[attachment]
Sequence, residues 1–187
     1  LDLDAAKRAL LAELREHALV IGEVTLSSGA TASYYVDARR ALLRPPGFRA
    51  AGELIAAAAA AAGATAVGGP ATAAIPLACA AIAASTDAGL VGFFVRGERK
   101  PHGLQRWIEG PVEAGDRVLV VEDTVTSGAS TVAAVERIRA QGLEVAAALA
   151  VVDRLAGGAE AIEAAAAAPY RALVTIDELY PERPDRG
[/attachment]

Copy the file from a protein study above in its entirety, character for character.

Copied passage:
Sequence, residues 1–187
     1  LDLDAAKRAL LAELREHALV IGEVTLSSGA TASYYVDARR ALLRPPGFRA
    51  AGELIAAAAA AAGATAVGGP ATAAIPLACA AIAASTDAGL VGFFVRGERK
   101  PHGLQRWIEG PVEAGDRVLV VEDTVTSGAS TVAAVERIRA QGLEVAAALA
   151  VVDRLAGGAE AIEAAAAAPY RALVTIDELY PERPDRG